KSU uses a lengthy hiring process to reduce costs

Megan Wilkinson

Why Should Readers Care?

Kent State, along with other universities, has made it more difficult to become a professor in an effort reduce costs at the university.

The road to becoming a Kent State professor takes more time and careful evaluation with the hiring freeze in effect. Kim Hahn, associate professor of fashion design and merchandising, said she was prepared to wait for a while to hear back from Kent State when she applied for a job in Dec. 2010.

“I had to wait a long time due to the hiring freeze at Kent State University,” Hahn said. “But it was a great relief after I heard the news.”

Hahn said it took a year to receive her position as an associate professor. She said she went through an on-campus interview, screening processes, a meeting with the college dean and gave a presentation on her research.

“I think it’s really competitive,” Hahn said. “Professors today need very good communication skills and organization.”

Hahn and 46 other faculty members went through a similar process this past year as they applied for jobs with Kent State for this academic year.

“We’ve hired mostly for critical teaching shortages,” Provost Robert Frank said. “This depends on who is retired and who left the university.”

J.R. Campbell, director of the School of Fashion and Design, said his department hired Hahn in particular because his department was short on faculty.

“The university is looking critically at all job proposals,” Campbell said. “As long as we can have strategic rationale for why a position should be filled, the university considers it, but it’s a rigorous process.”

Tim Moerland, dean for the College of Arts and Sciences, said hiring a new faculty member takes a year or more in some cases, starting from when a person applies to the day he or she arrives on campus.

“It’s a thoughtful process since we’re hiring someone who we want to keep at the university,” said Tim Chandler, senior associate provost. “We want to make sure we get it right, and we’re not going to rush through it.”

Step One:

Assess the situation. Tim Moerland, dean for the College of Arts and Sciences, said schools consult among themselves and figure out whether or not a faculty or staff position is needed for student success.

“The provost will set aside a dollar amount when they hire someone,” Janson said.

Step Two:

Requesting to hire. Once a school affirms it needs a new faculty member, it requests the college dean and university provost for authorization on the hire. Tom Janson, professor of music, said this is important when figuring out if the university will be able to afford a new faculty member.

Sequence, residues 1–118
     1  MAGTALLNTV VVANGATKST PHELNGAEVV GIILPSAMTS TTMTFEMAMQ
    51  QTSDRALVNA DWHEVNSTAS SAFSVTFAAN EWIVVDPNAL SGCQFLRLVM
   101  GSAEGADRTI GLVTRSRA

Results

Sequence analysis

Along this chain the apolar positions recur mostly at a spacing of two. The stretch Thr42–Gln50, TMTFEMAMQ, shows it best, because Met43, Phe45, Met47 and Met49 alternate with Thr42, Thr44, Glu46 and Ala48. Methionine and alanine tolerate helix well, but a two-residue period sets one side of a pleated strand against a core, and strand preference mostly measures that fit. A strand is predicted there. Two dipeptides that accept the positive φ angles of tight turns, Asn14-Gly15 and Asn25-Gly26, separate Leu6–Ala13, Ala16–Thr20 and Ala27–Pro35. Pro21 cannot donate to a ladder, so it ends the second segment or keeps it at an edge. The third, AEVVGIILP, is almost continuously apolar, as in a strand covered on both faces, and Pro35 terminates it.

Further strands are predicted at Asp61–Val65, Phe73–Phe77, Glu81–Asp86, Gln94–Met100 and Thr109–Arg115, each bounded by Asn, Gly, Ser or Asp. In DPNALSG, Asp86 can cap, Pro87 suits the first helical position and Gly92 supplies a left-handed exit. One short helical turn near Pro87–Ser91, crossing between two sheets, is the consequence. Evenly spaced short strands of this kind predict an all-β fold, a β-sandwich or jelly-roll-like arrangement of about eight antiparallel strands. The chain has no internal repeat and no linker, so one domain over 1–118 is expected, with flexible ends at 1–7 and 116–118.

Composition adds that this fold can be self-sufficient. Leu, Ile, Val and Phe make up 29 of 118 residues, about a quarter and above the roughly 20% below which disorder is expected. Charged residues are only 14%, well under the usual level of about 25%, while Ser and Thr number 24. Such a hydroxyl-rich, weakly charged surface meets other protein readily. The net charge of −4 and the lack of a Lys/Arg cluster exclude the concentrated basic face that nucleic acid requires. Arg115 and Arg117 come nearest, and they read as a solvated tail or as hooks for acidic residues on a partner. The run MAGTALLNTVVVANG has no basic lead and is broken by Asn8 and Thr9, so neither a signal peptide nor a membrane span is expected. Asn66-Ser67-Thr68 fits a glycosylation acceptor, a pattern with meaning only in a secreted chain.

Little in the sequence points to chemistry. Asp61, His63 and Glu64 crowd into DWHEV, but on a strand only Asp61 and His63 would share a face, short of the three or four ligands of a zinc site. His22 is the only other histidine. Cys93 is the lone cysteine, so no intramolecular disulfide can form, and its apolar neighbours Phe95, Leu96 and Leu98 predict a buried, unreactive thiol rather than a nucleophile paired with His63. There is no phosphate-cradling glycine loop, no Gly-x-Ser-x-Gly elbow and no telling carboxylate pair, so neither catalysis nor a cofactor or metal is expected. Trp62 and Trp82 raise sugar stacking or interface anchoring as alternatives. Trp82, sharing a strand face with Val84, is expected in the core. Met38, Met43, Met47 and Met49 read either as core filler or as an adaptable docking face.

Step Three:

Form the search committee. Moerland said a department forms a search committee to scope out possible hires for job positions once all is clear with the college dean and university provosts.

The search committee works with the college dean and Kent State’s human resources office to write a national advertisement about the job opportunities.

“These departments normally use a search committee of around five people, although this can vary quite a bit,” Moerland said.

Step Four:

Interviewing the candidates. Janson said the search committee usually agrees upon three candidates for the job, and brings them to campus for an interview.

Hahn said the university only called back three people for the position she wanted.

“It’s a really small chance to get an on-campus interview,” said Kim Hahn, associate professor of fashion design and merchandising. “Many of my colleagues said they are just happy to get to that point.”

Step Five:

Approval from the department chair. Moerland said search committees make a recommendation to the department chair to hire an individual if they feel the candidate would qualify for a spot.

“The university looks for collegiality, good researchers and quality teaching skills in applicants,” said Paul Haradakis, interim director for the School of Communication Studies. “They must be cognizant of the type of place of which they are applying.”

Step Six:

Offering the job. Once the department chair, dean and provost all agree on one person, the school offers the candidate a job.

Step Seven:

Presenting research. Hahn said during her application process she had to present some of her research to students and faculty in the School of Fashion and Design.

Contact Megan Wilkinson at [email protected].